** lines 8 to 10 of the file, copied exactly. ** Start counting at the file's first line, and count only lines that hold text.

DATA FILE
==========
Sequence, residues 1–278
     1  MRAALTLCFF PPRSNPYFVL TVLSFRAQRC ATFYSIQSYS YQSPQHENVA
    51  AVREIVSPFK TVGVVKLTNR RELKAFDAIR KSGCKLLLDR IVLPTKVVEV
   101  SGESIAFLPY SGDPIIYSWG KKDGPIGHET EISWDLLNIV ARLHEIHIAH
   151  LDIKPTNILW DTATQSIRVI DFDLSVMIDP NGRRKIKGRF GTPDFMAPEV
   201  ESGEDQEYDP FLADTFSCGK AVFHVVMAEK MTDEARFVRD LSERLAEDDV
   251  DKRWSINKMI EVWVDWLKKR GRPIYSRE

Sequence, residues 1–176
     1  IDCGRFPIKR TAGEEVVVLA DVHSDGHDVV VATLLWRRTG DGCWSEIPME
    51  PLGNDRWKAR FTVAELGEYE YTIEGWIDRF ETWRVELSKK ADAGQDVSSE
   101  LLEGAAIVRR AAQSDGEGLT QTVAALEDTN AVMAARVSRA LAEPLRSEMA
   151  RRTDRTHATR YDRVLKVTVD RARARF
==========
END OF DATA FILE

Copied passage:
Sequence, residues 1–176
     1  IDCGRFPIKR TAGEEVVVLA DVHSDGHDVV VATLLWRRTG DGCWSEIPME
    51  PLGNDRWKAR FTVAELGEYE YTIEGWIDRF ETWRVELSKK ADAGQDVSSE